For example, I’ve spent the last couple weeks working on designs of all our election result pages for the general election in November, which has something on the order of a dozen or two different types of pages to design. In the past, I would have resorted to separate Illustrator docs for each type of page, or kept different page mockups on different layers in a single document, which quickly devolves into layer management madness.

But with CS5, I’ve now got a gigantic Illustrator document with 60 artboards, each sized to the width and height of one of our web pages, so I can easily keep a bunch of mockups next to each other. And since you can name each artboard, so it’s easy to keep track of what’s where in the document.

But the one hitch is that Illustrator doesn’t come with a great way to export the artboards — Save for Web and Devices only exports a single artboard at a time, while Exporting as PNG doesn’t give you a lot of options — it appends the artboard name or number to the file name when you save, and you can’t easily select which particular artboards you want to export. And if you’ve created a file with a bunch of blank artboards, but only have artwork on a few, you don’t want to export all the artboards all the time.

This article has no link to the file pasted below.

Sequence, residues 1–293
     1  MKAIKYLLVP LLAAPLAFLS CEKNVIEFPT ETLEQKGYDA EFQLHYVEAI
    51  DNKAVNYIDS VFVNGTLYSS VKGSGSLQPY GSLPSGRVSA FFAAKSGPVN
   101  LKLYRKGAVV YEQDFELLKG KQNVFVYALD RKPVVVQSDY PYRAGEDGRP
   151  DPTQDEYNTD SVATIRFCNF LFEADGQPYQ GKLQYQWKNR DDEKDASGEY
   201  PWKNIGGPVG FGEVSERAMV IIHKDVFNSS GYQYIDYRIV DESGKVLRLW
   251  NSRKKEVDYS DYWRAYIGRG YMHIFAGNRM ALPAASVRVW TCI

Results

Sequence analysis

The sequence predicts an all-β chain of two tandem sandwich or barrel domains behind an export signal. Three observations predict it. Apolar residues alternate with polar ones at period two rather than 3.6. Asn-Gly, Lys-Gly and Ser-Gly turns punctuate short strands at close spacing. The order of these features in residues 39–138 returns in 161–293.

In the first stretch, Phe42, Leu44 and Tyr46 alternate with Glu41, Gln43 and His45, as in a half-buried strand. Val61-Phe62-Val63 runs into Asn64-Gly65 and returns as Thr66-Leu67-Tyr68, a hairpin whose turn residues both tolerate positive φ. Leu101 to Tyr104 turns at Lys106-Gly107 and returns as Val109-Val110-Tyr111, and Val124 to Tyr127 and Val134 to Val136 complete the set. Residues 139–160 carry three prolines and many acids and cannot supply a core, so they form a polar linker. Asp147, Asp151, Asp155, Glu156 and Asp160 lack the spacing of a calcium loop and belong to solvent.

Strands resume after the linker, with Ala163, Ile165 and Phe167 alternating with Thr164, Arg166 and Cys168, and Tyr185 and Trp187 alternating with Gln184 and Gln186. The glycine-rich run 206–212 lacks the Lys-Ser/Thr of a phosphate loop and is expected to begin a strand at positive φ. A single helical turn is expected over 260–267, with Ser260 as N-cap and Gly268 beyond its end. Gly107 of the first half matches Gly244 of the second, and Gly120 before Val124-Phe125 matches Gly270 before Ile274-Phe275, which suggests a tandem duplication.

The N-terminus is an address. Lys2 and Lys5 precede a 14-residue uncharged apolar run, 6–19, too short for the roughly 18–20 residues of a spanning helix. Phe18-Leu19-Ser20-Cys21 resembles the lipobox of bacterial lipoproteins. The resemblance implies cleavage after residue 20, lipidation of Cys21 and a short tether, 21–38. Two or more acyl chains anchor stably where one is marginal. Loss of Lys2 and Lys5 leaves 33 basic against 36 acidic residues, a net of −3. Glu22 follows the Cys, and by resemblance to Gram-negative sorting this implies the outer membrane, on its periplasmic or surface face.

So, I cobbled together a little Javascript script that loops through all the artboards in the document and exports only ones where you’ve changed named the artboard — it’ll skip anything with default names like “Artboard 1”, “Artboard 2” and so on. And it also will skip any artboards whose names begin with dashes — so once you’ve decided that you don’t like a particular version of design, just put a dash in front of its artboard name and it won’t get exported.

In the list above, two only two artboards that will be exported are “Senate Map 1” and “Senate Map 3”.

To use the script, download Export-Named-Artboards-as-PNG.jsx and put in your Illustrator scripts folder (usually in Applications/Adobe Illustrator/Presets/Scripts/). Restart Illustrator, and run the script by going to “File > Scripts > Export Named Artboards as PNG”.

Choose the directory that you want to export files to and if you want to add a prefix to the file names. Click export, and watch it run. Since most mockups here get uploaded to an internal Web server for others to look at, the script makes the filename a bit more web friendly, downcasing and replacing spaces with dashes: “Senate Map 1” will be exported as “senate-map-1.png”

The script also stories its settings in a text block on a nonprinting, nonvisible layer of the document named “nyt_png_info”, so don’t delete that from the document if you want it to remember what directory you last saved your files in.